by Brian Hampton
Enya engines are now available direct from the factory from their web page and a little hunting around will show some very interesting offerings including a range of matched pairs for twin engined models where one is reverse rotation. I bought mine through Kaz Minato in Japan who, at the time, was offering 20% off factory prices.
Enough of the background, on to my engine. Out of the box and it gleamed like a jewel reminding me of my old 45 (which I still have). The only difference between this and the old 60 is that there’s a new crankcase so the latest bolt through mufflers can be used instead of the old strap on type. This shows that the 60 (at least) hasn’t been built up using old spares but is entirely new. I ordered the silent muffler which has a machined baffle fitted between the front and rear parts. This muffler is also used on later Schneurle Enyas so, although it bolts straight on, the port size is smaller than on the engine itself. After the engine has been run in I’ll blend the port to suit to find out if there’s any gain by matching it.
One thing I noticed (before starting the strip) was that the piston had a slight catch as it travelled up the liner at the top of the exhaust port. With the piston/liner removed it was much easier to feel this catching so, not wanting to rely on any running in to smooth things out, I carefully filed the inside top edges of all the ports with a jeweller’s file until the ring moved freely over the ports.
Swept volume 9.953cc (0.607 cub inch)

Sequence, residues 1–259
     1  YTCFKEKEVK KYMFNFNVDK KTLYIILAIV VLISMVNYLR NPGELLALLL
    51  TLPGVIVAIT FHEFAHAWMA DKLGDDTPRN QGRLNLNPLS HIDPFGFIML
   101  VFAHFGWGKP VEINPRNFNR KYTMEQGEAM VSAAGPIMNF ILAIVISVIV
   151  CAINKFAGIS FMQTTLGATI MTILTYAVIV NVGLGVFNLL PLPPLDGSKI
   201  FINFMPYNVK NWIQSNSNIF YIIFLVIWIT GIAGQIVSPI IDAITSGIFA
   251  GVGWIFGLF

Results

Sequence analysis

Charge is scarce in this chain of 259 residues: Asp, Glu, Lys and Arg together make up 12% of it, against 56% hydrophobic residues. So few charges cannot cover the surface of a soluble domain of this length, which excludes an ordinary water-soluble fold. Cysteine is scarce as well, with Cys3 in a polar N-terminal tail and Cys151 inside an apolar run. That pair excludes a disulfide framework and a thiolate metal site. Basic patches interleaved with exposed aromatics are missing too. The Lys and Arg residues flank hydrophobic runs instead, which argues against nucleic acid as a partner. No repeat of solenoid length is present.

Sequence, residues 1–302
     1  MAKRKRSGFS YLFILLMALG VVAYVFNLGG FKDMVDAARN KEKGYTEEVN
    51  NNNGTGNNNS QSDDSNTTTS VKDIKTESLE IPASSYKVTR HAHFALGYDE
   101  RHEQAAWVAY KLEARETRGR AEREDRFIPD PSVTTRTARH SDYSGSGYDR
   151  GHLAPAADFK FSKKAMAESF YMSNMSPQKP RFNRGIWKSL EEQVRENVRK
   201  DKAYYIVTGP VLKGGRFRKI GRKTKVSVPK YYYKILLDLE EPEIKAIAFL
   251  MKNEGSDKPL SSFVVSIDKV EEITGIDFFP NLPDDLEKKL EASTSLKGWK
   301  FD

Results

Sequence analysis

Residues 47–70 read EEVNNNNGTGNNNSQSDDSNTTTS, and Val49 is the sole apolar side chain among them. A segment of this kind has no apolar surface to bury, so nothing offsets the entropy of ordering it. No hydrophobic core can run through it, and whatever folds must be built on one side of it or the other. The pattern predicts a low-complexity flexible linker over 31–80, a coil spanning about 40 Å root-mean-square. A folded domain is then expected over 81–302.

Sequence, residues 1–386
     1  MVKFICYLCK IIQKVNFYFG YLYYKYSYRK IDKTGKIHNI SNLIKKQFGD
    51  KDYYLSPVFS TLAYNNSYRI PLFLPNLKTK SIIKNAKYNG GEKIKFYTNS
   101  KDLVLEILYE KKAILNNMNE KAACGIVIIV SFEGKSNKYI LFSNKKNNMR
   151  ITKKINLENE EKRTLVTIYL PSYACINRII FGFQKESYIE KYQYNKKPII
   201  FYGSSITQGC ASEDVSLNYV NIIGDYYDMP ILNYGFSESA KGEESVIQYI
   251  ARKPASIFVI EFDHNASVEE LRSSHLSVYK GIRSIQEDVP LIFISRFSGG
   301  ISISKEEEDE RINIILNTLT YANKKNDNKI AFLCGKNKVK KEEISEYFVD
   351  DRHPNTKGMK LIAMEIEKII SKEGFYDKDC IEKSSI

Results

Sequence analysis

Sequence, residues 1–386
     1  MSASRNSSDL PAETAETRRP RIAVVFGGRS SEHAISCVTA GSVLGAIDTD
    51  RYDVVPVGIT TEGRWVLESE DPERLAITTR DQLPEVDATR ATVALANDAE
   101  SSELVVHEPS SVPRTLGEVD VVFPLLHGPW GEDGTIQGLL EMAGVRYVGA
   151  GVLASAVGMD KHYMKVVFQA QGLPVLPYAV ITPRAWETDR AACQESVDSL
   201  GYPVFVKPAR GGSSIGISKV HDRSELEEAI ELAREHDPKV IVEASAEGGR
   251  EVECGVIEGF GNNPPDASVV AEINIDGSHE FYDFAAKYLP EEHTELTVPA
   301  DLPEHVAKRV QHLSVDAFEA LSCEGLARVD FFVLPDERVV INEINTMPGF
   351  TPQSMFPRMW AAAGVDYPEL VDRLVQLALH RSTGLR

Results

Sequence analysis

Squish clearance 1.35mm (.053″)
Combustion chamber volume (total of head and squish volumes) 1.236cc
Compression ratio 9.05:1 (the original 60-IIIB was listed as 10:1)
Exhaust opens 70 degrees BBDC
Transfer 60 BBDC
Inlet opens 40 ABDC
Inlet closes 55 ATDC
Weight without muffler 370 grams (13.05 ounces)
Weight with muffler 470 grams (16.58 ounces)
Venturi bore 8mm
Spray bar diameter 3.97mm
Effective Venturi area (bore less spray bar area) 18.51 sq mm (.029 sq inch)
Ratio of venturi area to engine size .047 (that’ll only make sense to a CL stunt flier but it’s an indication of fuel draw).
The only thing left to do was to begin running it in so on to the test stand. Being a ringed engine with steel liner it definitely needed my normal running in fuel which is 75/25 all castor plus very rich running. Prop used was a 12×5 Zinger wood. To cut a long story short (and to save myself too much embarrassment), after I figured out that I’d inadvertently got it totally flooded it then started with one flick every time. As a good stunt engine should. Initial running was extremely rich starting with around 5000 revs and a head temp of 60C (140F) and building up slowly over 6 tanks to 8500 (where it was just barely breaking into a 2 stroke occasionally) and a head temp of 115C (240F). All of this took 52 minutes at which point I took off the muffler for a look at the ring to see how things were going. It still looked brand new and only by taking a closeup photo (below) then enhancing the brightness and contrast coud I see any signs it was beginning to run in. Well they always say an Enya takes forever to run in and then longer to wear out. Looking closely at the photo though I was pleased to see that the ring was running in dead even from top to bottom so it’s sitting very flat against the liner. But even the instructions say it’ll take about 2 hours to run in.